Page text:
Thursday, June 7, 2012

B is for....


B is for….

Following is my next foray into the Gould “Family History Through the Alphabet Challenge”

B? Oh bother, I don’t have any ancestors whose name springs to mind starting with B! There are my first cousins Brian and Barbara, but I best not discuss them as they are both alive and kicking! (Hi guys) Maybe I should just skip B?

There are a couple of Bessie’s and Bertha’s, but too distant and not particularly interesting. So I checked my maternal database instead of my paternal one – yes, I keep them separate, and low and behold who could resist:- Bartholomew Burrows from Eaton Bray, Bedfordshire – I do love a good alliteration!

So B is for Bartholomew

Bartholomew Burrows is the name of my 6x Great Grandfather. There’s not a lot I can tell you about Bartholomew, who lived between 1732-1805, but I am now in the process of writing to a local genealogist at the Eaton Bray Family History Page, who is willing to check parish records and eventually I will be able to flesh Bartholomew and the other 10 family members from this village, out somewhat. He does come from a reliable source though; my cousin J is most particular in sourcing her (our) ancestors.

Just like Agnes, Bartholomew is no longer in the top anything to do with names in this day and age, despite the popularity of (or because of) “The Simpsons” and their favourite son, Bart.

The origins of Bartholomew lie in both Hebrew and English, but are essentially the same.

In Hebrew, Bartholomew means: Son of Talmai (Talmai is a variant of Tolmai, meaning abounding in furrows.) Famous bearer: St Bartholomew was an apostle of Jesus Christ.
In English, Bartholomew means: Son of a farmer. Used as both a surname and given name.

Burrows means: This interesting surname is of topographical origin for a "dweller by the hill", deriving from the Old English pre 7th Century "beorg" or the Old High German "berg" meaning a hill or mountain. However, it is also suggested that the surname derives from the Old English "burh" or Old High German "burg" meaning a fort. In the Middle Ages any sizeable habitation had to be fortified, so the surname may refer to "one who lived by the fort". The surname is first recorded in the mid15th Century. In the modern idiom the surname has many spelling variations, including Burroughes, Burrows, Burrus, Burris, Burriss and Borrows.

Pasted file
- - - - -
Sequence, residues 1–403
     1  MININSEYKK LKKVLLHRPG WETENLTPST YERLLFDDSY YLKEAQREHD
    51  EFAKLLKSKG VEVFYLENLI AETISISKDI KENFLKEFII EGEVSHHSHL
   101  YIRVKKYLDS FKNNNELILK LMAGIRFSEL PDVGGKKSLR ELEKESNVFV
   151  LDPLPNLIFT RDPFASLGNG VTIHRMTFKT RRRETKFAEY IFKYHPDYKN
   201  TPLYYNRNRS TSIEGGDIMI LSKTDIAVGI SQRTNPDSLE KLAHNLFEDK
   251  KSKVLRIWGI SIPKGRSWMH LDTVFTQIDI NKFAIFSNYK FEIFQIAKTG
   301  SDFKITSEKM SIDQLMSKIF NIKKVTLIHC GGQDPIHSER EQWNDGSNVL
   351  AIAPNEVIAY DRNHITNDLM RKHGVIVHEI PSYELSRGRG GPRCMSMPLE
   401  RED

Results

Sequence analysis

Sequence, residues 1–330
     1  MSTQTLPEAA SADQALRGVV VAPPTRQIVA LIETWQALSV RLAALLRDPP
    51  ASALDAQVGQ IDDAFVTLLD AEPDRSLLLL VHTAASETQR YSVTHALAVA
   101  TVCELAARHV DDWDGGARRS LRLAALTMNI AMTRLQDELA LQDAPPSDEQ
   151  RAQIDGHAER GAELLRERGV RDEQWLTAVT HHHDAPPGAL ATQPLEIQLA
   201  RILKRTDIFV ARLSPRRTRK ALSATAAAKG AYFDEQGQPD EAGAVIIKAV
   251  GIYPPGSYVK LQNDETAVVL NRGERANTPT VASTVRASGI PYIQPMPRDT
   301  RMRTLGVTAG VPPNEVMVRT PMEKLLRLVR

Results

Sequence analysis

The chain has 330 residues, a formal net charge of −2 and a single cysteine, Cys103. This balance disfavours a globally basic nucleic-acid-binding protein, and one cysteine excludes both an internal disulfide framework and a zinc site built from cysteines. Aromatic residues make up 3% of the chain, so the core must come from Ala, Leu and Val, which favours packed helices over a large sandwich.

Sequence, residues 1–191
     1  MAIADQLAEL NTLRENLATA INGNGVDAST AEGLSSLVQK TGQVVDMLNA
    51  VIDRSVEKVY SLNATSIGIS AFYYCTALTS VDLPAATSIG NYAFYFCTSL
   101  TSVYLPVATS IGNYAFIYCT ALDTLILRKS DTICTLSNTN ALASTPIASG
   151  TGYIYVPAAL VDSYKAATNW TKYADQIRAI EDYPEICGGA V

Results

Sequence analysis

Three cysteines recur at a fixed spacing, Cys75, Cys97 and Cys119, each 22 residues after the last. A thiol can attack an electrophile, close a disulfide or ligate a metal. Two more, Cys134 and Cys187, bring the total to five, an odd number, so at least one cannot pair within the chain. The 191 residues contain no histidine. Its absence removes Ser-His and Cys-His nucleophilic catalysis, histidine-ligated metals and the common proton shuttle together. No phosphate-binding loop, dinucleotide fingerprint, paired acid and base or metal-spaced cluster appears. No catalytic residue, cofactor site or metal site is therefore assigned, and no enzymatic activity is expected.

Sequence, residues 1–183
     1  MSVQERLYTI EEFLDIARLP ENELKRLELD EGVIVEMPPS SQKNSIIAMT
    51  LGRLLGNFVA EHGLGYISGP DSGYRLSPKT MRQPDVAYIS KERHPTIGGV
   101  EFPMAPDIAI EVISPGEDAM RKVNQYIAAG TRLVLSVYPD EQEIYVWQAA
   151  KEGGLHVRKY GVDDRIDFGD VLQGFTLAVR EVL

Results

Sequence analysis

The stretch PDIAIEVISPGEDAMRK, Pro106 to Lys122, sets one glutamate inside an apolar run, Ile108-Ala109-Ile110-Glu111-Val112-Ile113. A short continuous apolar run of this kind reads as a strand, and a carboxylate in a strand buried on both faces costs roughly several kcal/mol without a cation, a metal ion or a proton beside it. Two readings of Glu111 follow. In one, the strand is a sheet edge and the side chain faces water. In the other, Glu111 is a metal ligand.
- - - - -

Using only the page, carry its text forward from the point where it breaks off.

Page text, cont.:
Eaton Bray, is a very pretty village and civil parish in the English county of Bedfordshire. It is part of a semi-rural area which crosses into the parish of Edlesborough in Buckinghamshire.
The village name Eaton is a common one in England, coming from the old English eitone, meaning "farm by a river". It was listed in the Domesday Book of 1086 as Eitone. The suffix Bray refers to Sir Reginald Bray (d. 1503) and the family that once owned the manor or castle in this village.

Aerial view of Eaton Bray, Bedfordshire


So from this we can imagine that Bartholomew was a farmer, whose ancestors lived near either near a hill or a fort. 



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